Timeline of the Omagh bombing
Attack came just four months after signing of the Belfast Agreement
Buses are commandeered from the nearby Ulsterbus station to help take the injured to hospital. Shelves and doors are used as makeshift stretchers. As news of the attack filters through, off-duty medical personnel head for the hospital. As well as those who died, more than 300 people were injured in the blast. Army helicopters are scrambled to help the ambulance service ferry patients from the swamped Tyrone hospital to other medical centres.
Omagh’s leisure centre is transformed into an incident centre, with hundreds of relatives gathering there waiting for news on loved ones. Inundated with calls, the Tyrone County Hospital phone system crashes. Staff ask members of the public for mobile phones to contact other hospitals. A temporary morgue is set up in a British Army base in the town.
Sunday August 16th
Relatives of those people still unaccounted for wait at the leisure centre overnight.
The identity of the 28th victim who died on the day is revealed. (Sixty-one-year Sean McGrath would die a month later from injuries sustained in the bomb.)
The then RUC chief constable Ronnie Flanagan addresses the world’s press at the scene. “This is an attack, not carried out against the police or the army, but against the people of Omagh. We have had men, women and children slaughtered, slaughtered by murderers who want to murder, slaughtered by murderers who have nothing else to offer but murder, people who gave us a totally inaccurate warning, people who phoned to say there was a bomb close to the courthouse and as our officers searched and moved people from the area of the courthouse, a bomb detonated some 400 yards away.”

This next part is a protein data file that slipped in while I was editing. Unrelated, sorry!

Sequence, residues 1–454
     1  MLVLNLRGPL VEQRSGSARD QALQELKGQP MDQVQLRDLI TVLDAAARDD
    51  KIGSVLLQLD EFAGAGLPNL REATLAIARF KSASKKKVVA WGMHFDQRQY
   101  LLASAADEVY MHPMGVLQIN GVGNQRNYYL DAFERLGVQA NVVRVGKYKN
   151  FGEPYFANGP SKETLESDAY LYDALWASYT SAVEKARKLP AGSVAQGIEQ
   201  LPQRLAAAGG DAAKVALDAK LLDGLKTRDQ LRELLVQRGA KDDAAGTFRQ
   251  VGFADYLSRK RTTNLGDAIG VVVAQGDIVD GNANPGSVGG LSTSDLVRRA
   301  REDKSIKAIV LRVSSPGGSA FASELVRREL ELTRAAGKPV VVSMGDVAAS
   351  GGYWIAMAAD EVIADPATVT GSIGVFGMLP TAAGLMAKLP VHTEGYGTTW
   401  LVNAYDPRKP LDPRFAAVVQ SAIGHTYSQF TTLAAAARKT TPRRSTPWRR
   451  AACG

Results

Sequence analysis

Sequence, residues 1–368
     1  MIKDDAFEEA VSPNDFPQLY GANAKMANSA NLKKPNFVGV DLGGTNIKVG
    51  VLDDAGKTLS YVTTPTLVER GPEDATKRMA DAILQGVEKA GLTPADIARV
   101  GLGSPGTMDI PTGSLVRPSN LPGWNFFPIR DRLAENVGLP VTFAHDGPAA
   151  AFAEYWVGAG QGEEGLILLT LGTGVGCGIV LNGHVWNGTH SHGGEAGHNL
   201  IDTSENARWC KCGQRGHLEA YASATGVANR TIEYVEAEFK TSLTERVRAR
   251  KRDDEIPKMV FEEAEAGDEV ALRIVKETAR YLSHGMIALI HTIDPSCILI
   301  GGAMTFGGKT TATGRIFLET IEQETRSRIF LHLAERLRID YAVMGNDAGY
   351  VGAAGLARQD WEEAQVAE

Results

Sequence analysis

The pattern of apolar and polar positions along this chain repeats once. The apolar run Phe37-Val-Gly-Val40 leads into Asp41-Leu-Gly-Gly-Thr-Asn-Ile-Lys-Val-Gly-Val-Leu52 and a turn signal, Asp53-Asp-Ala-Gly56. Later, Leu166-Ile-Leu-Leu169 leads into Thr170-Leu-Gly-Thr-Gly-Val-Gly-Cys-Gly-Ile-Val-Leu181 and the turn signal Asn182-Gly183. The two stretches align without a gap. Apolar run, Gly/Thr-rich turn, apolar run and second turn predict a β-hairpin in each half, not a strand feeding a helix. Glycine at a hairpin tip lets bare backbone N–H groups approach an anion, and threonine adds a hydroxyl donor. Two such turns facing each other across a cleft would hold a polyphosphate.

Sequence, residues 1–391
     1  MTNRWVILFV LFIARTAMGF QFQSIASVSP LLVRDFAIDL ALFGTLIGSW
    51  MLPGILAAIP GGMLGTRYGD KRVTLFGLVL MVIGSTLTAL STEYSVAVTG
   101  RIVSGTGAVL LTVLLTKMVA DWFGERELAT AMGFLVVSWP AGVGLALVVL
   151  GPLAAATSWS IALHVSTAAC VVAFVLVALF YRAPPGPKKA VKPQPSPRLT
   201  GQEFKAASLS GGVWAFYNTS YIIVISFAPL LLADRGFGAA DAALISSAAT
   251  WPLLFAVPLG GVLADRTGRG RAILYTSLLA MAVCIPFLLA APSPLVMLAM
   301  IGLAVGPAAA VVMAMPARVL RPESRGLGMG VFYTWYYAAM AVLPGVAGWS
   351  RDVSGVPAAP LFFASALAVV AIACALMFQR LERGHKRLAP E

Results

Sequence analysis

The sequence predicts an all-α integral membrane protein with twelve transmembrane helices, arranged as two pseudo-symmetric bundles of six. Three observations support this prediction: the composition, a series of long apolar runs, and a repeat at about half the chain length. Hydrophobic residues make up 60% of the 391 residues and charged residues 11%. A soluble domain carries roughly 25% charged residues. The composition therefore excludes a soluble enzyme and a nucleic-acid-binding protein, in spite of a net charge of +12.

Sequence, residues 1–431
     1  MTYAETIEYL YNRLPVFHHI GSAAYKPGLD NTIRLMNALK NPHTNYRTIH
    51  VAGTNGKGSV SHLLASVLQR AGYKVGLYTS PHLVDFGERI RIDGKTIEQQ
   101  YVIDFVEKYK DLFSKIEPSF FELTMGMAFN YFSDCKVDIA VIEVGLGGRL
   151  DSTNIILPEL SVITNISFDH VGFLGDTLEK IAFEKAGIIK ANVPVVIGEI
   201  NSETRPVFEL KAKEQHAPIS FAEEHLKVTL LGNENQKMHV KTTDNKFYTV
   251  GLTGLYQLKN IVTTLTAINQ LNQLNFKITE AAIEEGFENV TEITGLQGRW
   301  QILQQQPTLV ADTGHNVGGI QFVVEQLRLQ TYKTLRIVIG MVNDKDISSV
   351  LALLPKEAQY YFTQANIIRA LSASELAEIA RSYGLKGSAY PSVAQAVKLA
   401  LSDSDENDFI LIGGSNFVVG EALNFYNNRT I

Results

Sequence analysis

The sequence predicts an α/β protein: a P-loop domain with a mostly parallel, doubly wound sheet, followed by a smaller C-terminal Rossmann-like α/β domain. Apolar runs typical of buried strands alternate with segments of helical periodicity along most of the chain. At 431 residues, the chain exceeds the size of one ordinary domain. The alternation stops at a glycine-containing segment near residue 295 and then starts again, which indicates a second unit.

An ambulance carrying one of the injured from the Erne hospital to Belfast collides with a car. The car’s driver, 38-year-old father-of-three Gary White, is killed.
The Queen, British prime minister Tony Blair, President Mary McAleese, Taoiseach Bertie Ahern, US president Bill Clinton and local politicians all voice their condemnation. Significantly Sinn Fein figures such as Gerry Adams and Martin McGuinness also condemn the attack - the first time they had unequivocally denounced a republican terrorist bombing.
Tuesday August 18th
The Real IRA admits responsibility for the attack. The group claims its target was commercial and not civilian and blames loss of life on failure of RUC to respond to “clear” warnings. Northern Ireland Secretary Mo Mowlam describes the statement as “a pathetic excuse for mass murder”.
Saturday August 22nd
One week after the attack a day of reflection is held. An estimated 60,000 people gather in Omagh with thousands more attending vigils in other towns and cities across Ireland.
In Omagh, a service is conducted by church leaders on the steps of the courthouse. The event is best remembered for a moving performance by local singer Juliet Turner, whose ballad Broken Things was beamed across the world.